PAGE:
While it is true that there may be a net twist on a given section of fiber within a cycle, the net twist will return to zero at the end of the cycle. The result is that there is no net incremental twist introduced on the fiber, and the twist on the fiber for a length corresponding to X cycles should be no greater than the maximum twist in a single cycle.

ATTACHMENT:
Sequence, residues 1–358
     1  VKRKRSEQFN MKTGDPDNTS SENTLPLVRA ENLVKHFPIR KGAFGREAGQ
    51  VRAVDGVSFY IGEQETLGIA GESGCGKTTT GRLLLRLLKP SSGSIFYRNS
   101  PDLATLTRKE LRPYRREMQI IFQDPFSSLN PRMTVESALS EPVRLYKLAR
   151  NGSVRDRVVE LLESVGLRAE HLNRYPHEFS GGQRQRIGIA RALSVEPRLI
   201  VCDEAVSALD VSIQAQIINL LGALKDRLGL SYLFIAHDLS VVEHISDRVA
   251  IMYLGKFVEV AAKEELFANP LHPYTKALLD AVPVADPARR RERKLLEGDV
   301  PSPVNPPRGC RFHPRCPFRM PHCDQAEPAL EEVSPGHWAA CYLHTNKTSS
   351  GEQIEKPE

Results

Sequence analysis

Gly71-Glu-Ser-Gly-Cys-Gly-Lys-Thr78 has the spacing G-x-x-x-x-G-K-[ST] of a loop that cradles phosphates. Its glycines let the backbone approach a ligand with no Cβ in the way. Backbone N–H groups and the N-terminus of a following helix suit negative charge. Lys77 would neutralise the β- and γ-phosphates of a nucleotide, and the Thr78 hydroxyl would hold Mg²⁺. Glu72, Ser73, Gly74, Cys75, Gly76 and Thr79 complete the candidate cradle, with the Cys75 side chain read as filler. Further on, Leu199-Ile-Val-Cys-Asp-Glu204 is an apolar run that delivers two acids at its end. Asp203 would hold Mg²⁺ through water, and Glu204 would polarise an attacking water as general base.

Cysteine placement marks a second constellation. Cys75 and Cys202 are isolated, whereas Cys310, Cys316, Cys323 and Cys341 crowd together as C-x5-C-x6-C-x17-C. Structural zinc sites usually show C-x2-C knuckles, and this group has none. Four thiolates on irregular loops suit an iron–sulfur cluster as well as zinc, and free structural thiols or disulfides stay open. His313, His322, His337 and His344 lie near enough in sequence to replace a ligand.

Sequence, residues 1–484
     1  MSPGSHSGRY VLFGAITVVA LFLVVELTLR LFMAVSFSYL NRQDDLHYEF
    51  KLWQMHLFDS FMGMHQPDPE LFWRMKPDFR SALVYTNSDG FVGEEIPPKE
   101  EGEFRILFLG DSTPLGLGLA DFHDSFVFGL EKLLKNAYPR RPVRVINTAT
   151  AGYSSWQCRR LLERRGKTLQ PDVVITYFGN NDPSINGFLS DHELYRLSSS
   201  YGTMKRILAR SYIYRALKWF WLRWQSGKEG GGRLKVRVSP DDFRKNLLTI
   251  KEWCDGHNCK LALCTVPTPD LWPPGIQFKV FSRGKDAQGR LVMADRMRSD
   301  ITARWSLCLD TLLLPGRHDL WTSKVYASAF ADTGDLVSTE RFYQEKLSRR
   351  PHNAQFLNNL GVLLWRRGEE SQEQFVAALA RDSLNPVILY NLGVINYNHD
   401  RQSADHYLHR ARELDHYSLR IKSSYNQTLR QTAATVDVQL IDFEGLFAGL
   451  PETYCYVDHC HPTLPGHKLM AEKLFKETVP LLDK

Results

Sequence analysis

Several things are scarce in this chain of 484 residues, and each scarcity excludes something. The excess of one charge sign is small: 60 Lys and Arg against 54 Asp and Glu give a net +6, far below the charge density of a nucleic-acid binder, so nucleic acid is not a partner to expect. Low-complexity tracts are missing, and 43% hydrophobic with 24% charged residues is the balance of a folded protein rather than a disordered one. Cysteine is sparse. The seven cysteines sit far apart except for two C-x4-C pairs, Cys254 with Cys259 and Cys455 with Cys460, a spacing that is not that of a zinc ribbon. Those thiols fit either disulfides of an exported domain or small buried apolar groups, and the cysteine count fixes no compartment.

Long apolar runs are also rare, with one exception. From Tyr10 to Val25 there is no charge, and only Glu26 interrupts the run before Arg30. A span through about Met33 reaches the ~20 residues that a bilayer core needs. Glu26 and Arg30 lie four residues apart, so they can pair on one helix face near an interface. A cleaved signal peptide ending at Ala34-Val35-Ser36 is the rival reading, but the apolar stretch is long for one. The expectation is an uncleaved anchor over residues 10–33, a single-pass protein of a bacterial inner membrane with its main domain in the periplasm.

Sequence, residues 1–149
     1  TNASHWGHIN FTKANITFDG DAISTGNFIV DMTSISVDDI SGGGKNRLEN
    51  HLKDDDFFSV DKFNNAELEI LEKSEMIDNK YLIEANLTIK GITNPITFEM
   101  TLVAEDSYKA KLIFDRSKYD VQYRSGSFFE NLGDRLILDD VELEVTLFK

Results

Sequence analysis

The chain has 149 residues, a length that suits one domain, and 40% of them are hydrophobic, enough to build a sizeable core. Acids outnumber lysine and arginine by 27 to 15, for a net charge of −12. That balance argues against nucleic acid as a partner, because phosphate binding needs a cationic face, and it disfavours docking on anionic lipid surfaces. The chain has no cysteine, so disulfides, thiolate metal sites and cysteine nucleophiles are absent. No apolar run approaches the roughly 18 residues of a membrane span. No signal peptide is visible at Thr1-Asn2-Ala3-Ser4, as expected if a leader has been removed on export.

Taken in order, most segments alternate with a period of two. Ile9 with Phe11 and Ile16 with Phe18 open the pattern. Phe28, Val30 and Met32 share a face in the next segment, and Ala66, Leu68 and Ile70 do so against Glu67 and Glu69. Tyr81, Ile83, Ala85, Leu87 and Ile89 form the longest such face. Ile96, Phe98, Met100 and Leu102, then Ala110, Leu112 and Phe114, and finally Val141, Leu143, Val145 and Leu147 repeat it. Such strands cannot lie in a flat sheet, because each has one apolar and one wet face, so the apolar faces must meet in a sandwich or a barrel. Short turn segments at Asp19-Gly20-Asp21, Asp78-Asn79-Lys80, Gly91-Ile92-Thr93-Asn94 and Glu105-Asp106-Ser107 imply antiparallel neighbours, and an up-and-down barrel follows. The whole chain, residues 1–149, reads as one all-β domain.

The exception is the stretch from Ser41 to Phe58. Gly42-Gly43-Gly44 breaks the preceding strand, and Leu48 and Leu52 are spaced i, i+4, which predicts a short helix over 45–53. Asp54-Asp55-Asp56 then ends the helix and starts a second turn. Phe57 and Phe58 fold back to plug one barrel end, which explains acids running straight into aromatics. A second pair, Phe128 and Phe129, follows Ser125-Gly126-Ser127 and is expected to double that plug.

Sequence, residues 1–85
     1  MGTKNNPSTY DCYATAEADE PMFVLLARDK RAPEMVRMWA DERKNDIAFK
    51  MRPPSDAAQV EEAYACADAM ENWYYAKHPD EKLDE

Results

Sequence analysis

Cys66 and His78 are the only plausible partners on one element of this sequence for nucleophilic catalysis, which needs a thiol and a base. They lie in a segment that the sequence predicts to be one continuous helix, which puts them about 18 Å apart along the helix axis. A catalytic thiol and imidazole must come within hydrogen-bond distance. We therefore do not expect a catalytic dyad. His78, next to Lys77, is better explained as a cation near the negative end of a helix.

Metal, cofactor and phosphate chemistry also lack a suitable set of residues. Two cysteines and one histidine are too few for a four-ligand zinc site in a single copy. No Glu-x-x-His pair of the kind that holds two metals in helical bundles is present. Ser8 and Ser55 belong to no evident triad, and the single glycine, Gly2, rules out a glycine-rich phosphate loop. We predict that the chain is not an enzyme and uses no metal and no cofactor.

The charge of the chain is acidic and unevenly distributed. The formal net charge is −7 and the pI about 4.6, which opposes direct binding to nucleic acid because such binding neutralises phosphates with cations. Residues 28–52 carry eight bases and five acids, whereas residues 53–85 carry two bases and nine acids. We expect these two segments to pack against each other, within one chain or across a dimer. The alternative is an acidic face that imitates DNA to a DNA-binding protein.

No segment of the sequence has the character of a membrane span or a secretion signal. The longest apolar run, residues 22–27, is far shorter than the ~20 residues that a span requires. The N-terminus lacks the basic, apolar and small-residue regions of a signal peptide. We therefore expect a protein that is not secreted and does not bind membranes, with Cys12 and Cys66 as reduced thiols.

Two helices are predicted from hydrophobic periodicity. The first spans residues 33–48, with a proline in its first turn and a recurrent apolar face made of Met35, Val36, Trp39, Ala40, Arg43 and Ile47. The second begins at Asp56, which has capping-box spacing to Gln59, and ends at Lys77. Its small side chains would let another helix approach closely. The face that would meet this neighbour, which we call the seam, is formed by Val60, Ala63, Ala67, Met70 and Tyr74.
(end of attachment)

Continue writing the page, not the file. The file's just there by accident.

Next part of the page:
However, as noted by Henderson, a purely sinusoidal spin function or a substantially sinusoidal spin function does not optimize the reduction of PMD. Henderson discloses a variable spin function that effectively further decreases PMD. Henderson discloses that sufficient variability, e.g. having sufficient harmonic content to the spin function, provides a substantial reduction in PMD. Henderson further discloses that both frequency and amplitude modulation can be performed if desired, but that in so doing, care must be taken that the two modulations do not interact so as to create sections of fiber in which the spin rate is essentially constant (and thus not providing sufficient harmonic content). Accordingly, Henderson discloses the preferred use as modulating the amplitude or frequency separately, as opposed to simultaneously, for the purpose of ensuring sufficient harmonic content, not for the purpose of avoiding twist. One example of a spin function having sufficient harmonic content in Henderson is the spin function disclosed in FIG. 4 reproduced from Henderson. This spin function has a constant amplitude, but the frequency varies at various points along the distance of the fiber, D(z).